There's a cornucopia out there! Vegetables of every colour, flavour and texture are now in season to tempt your taste buds and keep you healthy, happy and vibrant. Here are the 10 healthiest vegetables from this season's harvest, each with its own deliciously easy recipe and a tip or bonus way to include it in your diet.
By now you've probably heard that carrots are an excellent source of beta-carotene, an antioxidant that your body converts to vitamin A. Vitamin A is vital for healthy hair, skin, eyes and bones and also helps protect your immune system. It's essential to include antioxidants, such as beta-carotene, in your diet for their cancer-fighting properties, so eat up!
Bravo for broccoli
To retain most of the vitamin C and other cancer-fighting phytochemicals that broccoli has in abundance, it's best to eat it raw, or steamed or stir-fried just until tender-crisp. Broccoli is also a good source of vitamin A and folate and is high in fibre and low in calories. Wonder vegetable? We think so.
Small but mighty brussels sprouts
Like other cruciferous vegetables, such as broccoli, cabbage and cauliflower, brussels sprouts have healthy amounts of vitamin C, potassium, folate and the plant chemicals that protect against cancer. Vitamin C is an important antioxidant that helps repair wounds, boosts the immune system and helps the body absorb the nonheme iron found in brussels sprouts.
Studies have drawn a connection between the consumption of cruciferous vegetables, such as cabbage, and a lower incidence of certain kinds of cancer. No wonder high-fibre, low-calorie cabbage is a staple around the world.
Squashes that fall into this category are acorn, butternut, delicata, sweet dumpling, Hubbard and other firm, thick-skinned, bright-fleshed varieties. A general rule is the richer the orange colour of the flesh, the denser it is in nutrients, such as beta-carotene, folate and potassium. Squash keeps for weeks or even months in a cool, dark place, so stock up on all the interesting varieties as they become available.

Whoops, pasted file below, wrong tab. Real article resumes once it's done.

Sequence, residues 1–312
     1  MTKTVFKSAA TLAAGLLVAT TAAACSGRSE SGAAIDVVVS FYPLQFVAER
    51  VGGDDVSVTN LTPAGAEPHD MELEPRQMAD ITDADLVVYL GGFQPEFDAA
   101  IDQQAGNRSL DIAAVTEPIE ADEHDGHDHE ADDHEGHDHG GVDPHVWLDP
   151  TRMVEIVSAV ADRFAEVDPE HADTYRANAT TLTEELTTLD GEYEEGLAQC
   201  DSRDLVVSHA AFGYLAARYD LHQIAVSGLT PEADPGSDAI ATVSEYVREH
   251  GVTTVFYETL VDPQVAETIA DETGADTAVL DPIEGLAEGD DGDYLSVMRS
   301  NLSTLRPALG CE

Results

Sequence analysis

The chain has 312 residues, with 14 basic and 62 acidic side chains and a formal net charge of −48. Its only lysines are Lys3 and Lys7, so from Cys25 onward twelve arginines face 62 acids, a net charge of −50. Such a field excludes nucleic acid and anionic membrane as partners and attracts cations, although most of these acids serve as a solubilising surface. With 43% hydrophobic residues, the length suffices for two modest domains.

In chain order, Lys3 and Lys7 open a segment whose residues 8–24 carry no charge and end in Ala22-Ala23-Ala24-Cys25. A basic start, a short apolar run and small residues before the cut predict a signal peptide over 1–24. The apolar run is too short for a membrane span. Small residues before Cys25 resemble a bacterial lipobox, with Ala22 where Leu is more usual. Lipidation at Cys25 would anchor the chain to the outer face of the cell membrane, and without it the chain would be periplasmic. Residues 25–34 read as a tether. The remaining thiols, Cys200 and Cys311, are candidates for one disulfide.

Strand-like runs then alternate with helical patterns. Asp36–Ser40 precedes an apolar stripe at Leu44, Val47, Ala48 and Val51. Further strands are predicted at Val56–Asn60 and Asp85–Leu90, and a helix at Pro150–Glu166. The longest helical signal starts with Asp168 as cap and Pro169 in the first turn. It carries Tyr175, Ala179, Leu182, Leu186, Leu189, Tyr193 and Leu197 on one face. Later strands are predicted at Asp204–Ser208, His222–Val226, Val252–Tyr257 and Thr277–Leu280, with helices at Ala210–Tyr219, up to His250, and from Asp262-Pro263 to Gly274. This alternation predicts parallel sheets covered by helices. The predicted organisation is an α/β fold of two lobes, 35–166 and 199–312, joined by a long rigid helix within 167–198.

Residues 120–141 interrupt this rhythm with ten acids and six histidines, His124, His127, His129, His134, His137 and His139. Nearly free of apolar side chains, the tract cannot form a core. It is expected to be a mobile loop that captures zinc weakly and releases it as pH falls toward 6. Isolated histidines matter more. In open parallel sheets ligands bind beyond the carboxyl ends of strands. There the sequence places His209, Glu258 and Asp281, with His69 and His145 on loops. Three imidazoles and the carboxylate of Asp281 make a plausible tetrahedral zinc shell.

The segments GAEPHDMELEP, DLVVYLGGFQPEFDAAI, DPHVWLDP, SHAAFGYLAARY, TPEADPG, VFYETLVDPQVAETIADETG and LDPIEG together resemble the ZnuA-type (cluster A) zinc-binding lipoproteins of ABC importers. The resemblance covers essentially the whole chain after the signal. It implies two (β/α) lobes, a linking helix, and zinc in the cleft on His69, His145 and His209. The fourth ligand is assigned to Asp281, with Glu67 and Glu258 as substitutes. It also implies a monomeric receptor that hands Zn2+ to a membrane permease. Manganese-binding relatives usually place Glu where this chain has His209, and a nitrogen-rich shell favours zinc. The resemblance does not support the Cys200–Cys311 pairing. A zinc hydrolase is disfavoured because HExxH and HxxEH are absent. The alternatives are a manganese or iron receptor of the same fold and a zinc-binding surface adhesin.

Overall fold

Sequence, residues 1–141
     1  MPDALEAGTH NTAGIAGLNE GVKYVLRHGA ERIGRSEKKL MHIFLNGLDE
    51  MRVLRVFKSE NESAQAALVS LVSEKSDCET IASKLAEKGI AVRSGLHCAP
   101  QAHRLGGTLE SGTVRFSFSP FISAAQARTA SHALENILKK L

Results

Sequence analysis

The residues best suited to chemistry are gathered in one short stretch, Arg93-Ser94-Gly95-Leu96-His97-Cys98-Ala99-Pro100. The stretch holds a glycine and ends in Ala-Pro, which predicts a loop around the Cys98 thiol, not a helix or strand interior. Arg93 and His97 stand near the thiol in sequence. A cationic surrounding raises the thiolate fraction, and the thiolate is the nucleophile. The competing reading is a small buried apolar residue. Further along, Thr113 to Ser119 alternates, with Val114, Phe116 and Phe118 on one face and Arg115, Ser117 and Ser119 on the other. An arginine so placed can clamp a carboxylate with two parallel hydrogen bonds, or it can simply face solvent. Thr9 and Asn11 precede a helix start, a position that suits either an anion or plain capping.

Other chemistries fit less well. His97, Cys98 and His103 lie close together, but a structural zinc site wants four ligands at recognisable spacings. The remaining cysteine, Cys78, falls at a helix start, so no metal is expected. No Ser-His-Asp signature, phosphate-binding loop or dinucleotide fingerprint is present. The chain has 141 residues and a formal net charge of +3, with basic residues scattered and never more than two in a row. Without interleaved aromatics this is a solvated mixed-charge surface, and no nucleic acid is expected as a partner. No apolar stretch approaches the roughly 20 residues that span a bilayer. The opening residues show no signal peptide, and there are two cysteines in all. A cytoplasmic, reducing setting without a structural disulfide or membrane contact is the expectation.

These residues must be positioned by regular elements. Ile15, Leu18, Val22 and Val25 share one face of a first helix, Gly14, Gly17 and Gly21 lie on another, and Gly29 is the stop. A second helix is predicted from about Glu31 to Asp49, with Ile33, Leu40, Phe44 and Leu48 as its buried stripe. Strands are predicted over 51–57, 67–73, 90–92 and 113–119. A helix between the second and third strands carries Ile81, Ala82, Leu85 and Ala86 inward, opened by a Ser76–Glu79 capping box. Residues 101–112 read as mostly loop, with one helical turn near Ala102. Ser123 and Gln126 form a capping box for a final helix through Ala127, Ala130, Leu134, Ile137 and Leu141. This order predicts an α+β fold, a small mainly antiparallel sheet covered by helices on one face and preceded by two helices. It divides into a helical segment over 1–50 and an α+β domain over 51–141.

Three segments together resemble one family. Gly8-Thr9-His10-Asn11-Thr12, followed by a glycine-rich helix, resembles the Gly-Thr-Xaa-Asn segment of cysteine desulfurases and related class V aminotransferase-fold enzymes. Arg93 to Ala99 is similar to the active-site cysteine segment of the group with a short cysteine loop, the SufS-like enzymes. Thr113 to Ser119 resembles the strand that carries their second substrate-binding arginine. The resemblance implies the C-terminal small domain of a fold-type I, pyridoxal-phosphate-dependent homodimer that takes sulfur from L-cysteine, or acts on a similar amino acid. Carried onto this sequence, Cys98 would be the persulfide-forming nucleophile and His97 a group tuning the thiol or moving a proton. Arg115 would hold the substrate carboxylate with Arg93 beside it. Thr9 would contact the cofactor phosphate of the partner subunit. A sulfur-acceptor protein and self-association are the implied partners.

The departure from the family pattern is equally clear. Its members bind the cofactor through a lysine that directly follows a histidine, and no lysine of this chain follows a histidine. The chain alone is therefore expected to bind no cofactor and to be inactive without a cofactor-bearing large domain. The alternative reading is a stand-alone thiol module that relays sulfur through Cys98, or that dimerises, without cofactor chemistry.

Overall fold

Superb sweet peppers
By weight, peppers contain more vitamin C than citrus fruits. Although red peppers contain 50 per cent more vitamin C than green peppers, one green pepper still provides more than 100 per cent of the adult recommended daily intake of vitamin C. Red peppers are also a good source of beta-carotene. Did we mention that they're also delicious?
Tomatoes are a source of vitamins A and C and contain a carotenoid related to beta-carotene called lycopene, which is a natural cancer-fighting agent. Cooking a tomato releases the fat-soluble lycopene, so cooked or canned tomatoes – particularly those cooked with a bit of fat – offer more-intense benefits than raw.
Rah Rah for spinach
Although it is a source of nonheme iron, spinach offers even more impressive nutrition. It has a rich helping of vitamin A and folate and is high in vitamin C and potassium. Eating spinach with a grain, such as rice, makes it a complete and healthy protein. No wonder Popeye couldn't get enough!
Like all other cruciferous veggies, cauliflower is an excellent source of vitamin C and is very low in calories, weighing in at about 25 calories per cup (250 mL) of florets. Although raw cauliflower has more folate than cooked, it's still very healthy either way.
Good-for-you garlic and onions
Many of our recipes include garlic and onions – and that is no accident. They're healthy and add key flavour notes to thousands of delicious recipes. They also contain sulphur compounds, some of which are believed to protect the heart and lower your risk of cancer.